One-Time Payments Approved For Town Of Berlin Employees

One-Time Payments Approved For Town Of Berlin Employees
The Berlin Town Council is pictured. Pictured, from left, are Photo by Charlene Sharpe

BERLIN– Elected officials this week agreed to give municipal employees a $500 holiday bonus.

The Berlin Town Council on Monday voted 4-1 to use contingency funds to provide each of the town’s 60 employees with a $500 one-time bonus.

“People really appreciate it, especially during the holidays,” Finance Director Natalie Saleh said.

Mayor Zack Tyndall said a discussion of a one-time payment had been added to the council agenda at the request of Councilman Steve Green. Last year, one-time payments of $500 were approved in December at the suggestion of then-Councilman Troy Purnell, who pointed out that the town had been in the habit of providing them before a two-year lapse.

Saleh this week presented officials with calculations that showed the cost of a $250, $500 and $750 payment. While contingency funds in water, wastewater electric and stormwater were capable of funding a payment, she said the general fund contingency didn’t have quite enough to fund any more than a $250 payment. She said the council could use potential end of year surplus to fund the difference or could reallocate the cost of the salary study underway to cover the difference.

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Saleh said the general fund only had a contingency balance of $21,332.

“We can proceed… and leave as is because I’m very confident by the end of the year revenues will exceed what we’ve budgeted,” Saleh said. “Or we can potentially, we have advanced money from reserves to do a salary study. We can split that down to each individual fund which will free up the balance on the general fund side.”

Kelsey Jensen, the town’s human resources director, noted that the projected cost of one-time payments was actually less than the figures Saleh presented, as the town has several vacancies. Based on vacancies, Jensen indicated a $500 bonus for each employee would cost the town not quite $32,000. She said that once the vacancies were taken into account, the general fund contingency was capable of funding $500 one-time payments.

Councilman Jack Orris questioned whether one-time payments might be better at the end of the fiscal year, in June for example, as the town would have a better grasp on the amount of surplus it had by then. He said information provided to the council by staff showed that overtime was increasing substantially.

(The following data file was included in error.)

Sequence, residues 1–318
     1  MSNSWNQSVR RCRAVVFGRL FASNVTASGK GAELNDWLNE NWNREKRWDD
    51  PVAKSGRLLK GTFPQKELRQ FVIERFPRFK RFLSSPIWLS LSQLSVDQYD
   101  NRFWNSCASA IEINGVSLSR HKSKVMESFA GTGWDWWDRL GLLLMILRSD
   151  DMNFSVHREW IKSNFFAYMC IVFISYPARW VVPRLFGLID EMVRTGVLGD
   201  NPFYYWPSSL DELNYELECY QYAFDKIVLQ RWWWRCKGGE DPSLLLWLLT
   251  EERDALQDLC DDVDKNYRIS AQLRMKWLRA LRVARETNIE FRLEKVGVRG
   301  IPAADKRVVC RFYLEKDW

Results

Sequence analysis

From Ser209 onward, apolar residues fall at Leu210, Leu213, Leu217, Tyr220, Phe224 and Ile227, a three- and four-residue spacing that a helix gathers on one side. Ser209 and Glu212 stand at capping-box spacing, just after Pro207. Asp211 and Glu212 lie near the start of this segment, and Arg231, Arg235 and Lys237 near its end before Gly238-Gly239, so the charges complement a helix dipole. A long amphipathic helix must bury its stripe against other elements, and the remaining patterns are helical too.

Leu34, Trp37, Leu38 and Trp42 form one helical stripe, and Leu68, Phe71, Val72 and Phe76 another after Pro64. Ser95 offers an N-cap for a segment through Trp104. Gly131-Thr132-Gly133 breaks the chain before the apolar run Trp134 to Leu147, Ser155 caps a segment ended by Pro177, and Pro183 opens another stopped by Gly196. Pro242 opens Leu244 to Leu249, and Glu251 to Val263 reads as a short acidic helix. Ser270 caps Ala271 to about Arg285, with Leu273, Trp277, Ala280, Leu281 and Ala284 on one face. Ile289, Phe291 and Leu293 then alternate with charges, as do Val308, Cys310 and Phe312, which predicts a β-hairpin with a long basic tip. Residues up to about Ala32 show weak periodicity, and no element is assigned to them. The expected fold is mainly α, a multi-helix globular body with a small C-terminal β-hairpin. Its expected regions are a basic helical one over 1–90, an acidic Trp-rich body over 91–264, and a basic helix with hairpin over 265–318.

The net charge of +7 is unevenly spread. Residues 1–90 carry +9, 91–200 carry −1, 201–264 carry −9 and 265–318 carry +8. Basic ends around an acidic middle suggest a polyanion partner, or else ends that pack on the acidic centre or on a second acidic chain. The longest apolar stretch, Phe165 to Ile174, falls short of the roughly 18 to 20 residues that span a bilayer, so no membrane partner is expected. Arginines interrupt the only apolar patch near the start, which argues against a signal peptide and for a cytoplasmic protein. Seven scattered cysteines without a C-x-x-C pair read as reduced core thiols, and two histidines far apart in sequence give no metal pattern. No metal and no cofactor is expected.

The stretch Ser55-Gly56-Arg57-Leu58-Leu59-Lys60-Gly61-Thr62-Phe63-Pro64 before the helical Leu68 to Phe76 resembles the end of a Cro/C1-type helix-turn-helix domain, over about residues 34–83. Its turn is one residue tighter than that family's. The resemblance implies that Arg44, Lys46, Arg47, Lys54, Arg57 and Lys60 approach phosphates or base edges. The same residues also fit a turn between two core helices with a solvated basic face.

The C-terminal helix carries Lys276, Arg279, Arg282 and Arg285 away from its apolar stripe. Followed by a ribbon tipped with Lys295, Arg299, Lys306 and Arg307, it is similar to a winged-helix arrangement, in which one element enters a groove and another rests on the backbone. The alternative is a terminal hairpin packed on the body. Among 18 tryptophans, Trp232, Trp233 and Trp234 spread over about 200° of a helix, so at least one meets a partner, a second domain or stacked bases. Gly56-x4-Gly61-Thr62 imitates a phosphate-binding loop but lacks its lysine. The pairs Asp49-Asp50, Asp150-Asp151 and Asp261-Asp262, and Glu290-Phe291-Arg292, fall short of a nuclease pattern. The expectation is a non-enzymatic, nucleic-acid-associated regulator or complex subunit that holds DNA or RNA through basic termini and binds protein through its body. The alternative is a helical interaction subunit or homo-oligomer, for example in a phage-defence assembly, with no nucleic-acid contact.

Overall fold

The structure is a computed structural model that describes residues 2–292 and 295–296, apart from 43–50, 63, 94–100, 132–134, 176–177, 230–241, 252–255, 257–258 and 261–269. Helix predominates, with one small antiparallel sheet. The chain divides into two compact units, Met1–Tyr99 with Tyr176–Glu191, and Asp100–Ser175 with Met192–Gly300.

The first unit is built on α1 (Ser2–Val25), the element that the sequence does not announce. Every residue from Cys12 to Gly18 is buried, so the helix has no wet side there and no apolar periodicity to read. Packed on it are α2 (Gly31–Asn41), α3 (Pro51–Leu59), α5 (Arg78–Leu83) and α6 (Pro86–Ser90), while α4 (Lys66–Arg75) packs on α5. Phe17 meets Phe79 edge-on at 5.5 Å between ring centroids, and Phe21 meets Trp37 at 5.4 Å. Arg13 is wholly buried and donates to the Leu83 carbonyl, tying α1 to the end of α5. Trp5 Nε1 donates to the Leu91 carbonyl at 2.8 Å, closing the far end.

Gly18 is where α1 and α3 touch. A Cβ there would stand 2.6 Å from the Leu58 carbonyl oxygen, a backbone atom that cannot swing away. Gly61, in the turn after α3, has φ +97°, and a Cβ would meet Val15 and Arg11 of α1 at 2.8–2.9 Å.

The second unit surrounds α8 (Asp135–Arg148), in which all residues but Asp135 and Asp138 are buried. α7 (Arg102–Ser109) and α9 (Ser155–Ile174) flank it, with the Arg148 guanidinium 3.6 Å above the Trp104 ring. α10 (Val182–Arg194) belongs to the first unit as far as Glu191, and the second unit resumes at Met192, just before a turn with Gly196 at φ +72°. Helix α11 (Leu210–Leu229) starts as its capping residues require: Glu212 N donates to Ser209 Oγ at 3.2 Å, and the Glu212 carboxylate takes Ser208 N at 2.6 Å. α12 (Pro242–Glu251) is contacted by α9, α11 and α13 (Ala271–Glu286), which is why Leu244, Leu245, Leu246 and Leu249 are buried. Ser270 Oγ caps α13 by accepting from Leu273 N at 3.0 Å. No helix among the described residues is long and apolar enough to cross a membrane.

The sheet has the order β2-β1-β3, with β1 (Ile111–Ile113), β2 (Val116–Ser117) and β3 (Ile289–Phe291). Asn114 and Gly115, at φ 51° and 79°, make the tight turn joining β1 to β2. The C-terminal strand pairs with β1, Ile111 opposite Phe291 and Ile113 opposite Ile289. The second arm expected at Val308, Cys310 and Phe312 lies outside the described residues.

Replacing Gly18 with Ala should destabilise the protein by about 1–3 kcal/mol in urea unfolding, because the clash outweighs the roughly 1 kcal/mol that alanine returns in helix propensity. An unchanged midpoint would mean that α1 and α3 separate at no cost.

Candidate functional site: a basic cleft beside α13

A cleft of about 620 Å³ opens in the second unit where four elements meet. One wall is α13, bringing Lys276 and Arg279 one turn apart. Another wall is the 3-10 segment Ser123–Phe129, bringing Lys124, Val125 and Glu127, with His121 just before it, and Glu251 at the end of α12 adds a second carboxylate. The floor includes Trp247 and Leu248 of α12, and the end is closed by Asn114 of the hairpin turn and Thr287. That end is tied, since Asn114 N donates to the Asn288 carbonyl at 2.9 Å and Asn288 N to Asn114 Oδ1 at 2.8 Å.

“People are picking up overtime because we have so many vacancies,” Jensen said. “They’re working later, working more events, than they typically would. People are working hard and they’d appreciate something.”

Green said municipal employees had received a $50 Food Lion gift card before Thanksgiving but that he still felt employees deserved a one-time payment in December.

“I know I’m new to this but I’m not new to managing people…,” he said, adding that he routinely saw town staff doing more than they were required to. “It’s more than a gesture. It’s a commitment from us.”

Councilwoman Shaneka Nichols echoed the timing question voiced by Orris. Councilman Dean Burrell, however, quoted Shakespeare and said that time was out of joint.

“I just think it would be more appreciated at this time of year during the holidays, when folks are trying to provide for their families,” he said.

Councilman Jay Knerr said he agreed 100%. A motion by Green to approve a $500 one-time payment using contingency funds subsequently passed 4-1, with Orris opposed.

Tyndall said funding for the one-time payments should be included in the budget in the future.

“Coming off of this, I think this body has valued those one-time payments,” he said. “I think it’s important if that continues that it’s a budgeted amount. If it means so much—I think it is meaningful—it needs to be budgeted accordingly.”

Nichols agreed.

“I don’t think anybody wants to keep dipping into contingencies,” she said.

Orris said his vote against the one-time payment was not because he didn’t feel it was deserved.

“The no vote was not a reflection of work or how I feel about anyone,” he said. “I just had some concerns.”

About The Author: Charlene Sharpe

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Charlene Sharpe has been with The Dispatch since 2014. A graduate of Stephen Decatur High School and the University of Richmond, she spent seven years with the Delmarva Media Group before joining the team at The Dispatch.